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ISRO rocket tests air breathing propulsion technology news
05 March 2010

The Indian Space Research Organisation (ISRO) has successfully flight tested a new generation high performance sounding rocket from the Satish Dhawan Space Centre (SDSC) on Wednesday, designed to test futuristic air-breathing propulsion technology.

Sounding rocket lift-off. Image: ISRO
The rocket, dubbed the Advanced Technology Vehicle (ATV-D01), is the heaviest sounding rocket ever developed by the ISRO and weighed three tonnes at lift-off.

The ATV-D01 carried a passive scramjet engine combustor module designed to test air-breathing propulsion technology. The scramjet is an acronym for Supersonic Combustion Ramjet. The scramjet differs from the ramjet in that combustion takes place at supersonic air velocities through the engine. It is mechanically simple, but vastly more complex aerodynamically than a jet engine.

During the flight, the vehicle remained for seven seconds in the desired conditions of Mach number (6 + 0.5) and dynamic pressure (80 + 35 kPa). These conditions are required for a stable ignition of active scramjet engine combustor module planned in the next flight of ATV, ISRO said in a statement earlier.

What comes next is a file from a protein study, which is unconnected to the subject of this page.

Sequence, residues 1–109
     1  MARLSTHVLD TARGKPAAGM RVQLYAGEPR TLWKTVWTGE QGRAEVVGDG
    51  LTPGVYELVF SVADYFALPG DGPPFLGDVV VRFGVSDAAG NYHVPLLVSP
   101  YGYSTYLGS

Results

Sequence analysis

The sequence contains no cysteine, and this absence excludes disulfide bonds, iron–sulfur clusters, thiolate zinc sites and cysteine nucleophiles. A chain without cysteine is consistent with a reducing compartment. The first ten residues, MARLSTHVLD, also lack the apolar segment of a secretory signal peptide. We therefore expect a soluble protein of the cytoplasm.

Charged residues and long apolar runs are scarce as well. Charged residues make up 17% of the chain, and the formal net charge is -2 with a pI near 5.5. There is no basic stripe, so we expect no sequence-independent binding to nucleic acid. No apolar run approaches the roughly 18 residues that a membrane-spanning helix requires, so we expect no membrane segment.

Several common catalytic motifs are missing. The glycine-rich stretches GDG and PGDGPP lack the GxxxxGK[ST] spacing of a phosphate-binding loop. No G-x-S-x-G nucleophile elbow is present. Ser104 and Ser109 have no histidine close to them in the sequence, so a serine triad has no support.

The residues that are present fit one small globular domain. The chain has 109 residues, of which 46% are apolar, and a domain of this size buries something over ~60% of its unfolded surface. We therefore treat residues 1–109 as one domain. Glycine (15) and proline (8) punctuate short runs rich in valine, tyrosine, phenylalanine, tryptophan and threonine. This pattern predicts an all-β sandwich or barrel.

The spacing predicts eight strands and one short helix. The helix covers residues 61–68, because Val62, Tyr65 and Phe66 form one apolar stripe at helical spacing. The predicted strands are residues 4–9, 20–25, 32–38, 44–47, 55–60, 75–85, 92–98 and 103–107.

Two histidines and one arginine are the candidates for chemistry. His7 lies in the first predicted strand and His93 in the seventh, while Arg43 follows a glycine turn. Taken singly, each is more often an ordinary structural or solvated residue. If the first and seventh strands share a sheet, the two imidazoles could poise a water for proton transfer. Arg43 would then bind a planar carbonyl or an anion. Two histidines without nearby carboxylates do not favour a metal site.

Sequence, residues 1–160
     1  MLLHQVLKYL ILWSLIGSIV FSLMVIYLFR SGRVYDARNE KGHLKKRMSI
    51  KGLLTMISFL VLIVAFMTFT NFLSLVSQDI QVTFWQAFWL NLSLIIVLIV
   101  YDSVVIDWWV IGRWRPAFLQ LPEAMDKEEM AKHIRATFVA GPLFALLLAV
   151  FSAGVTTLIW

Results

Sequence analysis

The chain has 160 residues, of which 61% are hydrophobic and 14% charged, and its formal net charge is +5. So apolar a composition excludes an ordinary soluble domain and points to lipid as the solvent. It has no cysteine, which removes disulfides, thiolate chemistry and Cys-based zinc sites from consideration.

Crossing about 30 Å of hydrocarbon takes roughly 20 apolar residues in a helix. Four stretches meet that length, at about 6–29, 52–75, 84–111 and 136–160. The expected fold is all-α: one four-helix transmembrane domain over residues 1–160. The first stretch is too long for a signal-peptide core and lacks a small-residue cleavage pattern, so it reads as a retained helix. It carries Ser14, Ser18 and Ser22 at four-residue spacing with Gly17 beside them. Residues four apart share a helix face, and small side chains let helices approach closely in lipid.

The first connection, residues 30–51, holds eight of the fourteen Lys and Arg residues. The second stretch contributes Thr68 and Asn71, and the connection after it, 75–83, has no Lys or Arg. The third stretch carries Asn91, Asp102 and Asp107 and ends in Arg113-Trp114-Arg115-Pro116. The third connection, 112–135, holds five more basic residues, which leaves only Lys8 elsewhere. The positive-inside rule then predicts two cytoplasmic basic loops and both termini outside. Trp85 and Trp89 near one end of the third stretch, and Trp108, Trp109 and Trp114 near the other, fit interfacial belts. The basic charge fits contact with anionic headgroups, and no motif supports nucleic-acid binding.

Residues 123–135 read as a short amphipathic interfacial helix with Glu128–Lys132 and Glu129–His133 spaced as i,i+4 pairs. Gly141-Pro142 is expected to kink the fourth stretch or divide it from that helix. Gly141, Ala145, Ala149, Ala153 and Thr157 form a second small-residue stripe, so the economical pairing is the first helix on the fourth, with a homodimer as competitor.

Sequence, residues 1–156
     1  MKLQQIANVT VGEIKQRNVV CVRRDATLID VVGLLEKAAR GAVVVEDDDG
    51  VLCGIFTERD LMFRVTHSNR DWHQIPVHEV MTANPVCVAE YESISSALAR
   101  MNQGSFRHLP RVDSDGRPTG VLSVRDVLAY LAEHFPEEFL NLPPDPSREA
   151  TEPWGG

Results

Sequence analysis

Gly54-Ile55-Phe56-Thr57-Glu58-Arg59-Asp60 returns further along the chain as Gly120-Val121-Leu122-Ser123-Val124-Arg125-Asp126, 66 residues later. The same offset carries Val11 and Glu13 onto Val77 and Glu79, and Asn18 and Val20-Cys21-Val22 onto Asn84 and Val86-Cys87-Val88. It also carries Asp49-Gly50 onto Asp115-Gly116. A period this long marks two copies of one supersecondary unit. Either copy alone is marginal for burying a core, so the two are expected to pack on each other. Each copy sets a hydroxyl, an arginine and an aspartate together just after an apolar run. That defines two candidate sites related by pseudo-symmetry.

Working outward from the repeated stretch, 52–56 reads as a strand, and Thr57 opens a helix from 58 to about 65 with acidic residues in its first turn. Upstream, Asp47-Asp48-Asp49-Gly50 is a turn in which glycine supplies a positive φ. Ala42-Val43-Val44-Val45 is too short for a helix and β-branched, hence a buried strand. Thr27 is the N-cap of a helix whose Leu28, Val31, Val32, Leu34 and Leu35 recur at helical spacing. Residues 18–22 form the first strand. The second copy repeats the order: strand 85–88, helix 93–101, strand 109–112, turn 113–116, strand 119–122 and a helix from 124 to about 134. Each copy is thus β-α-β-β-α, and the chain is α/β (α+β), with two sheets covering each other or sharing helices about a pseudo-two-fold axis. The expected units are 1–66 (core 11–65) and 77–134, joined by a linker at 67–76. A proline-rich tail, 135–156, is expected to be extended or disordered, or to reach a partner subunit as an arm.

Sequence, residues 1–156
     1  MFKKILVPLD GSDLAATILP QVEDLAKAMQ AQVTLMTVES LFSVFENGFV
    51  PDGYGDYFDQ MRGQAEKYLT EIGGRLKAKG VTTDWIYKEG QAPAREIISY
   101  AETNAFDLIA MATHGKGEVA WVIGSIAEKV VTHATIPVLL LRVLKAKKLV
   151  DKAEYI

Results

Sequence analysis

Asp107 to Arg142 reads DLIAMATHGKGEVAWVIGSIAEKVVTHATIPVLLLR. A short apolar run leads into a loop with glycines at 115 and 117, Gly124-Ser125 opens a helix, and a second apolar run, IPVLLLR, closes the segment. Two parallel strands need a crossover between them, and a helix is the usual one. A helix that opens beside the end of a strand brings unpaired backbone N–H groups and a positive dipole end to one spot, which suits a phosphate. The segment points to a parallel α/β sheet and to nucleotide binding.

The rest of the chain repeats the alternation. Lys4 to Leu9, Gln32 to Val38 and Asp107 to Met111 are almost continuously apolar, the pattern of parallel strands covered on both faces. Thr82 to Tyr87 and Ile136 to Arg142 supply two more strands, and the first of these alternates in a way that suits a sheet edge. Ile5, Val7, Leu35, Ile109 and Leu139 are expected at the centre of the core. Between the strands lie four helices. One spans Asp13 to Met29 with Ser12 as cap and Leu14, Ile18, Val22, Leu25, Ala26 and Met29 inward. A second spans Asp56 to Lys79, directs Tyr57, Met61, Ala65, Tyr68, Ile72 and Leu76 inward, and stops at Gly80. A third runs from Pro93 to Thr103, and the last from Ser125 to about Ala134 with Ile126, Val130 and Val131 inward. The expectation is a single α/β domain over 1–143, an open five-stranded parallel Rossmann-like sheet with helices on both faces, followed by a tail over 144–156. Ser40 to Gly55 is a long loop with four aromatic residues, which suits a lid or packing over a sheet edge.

The successful flight testing of ATV-D01 is a step ahead towards the advanced technology initiative taken up by the ISRO in the area of air-breathing propulsion.

Successful development of such technology will drastically reduce the cost of launch vehicles as scramjet engines use oxygen in the atmosphere to propel the spacecraft.

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ISRO rocket tests air breathing propulsion technology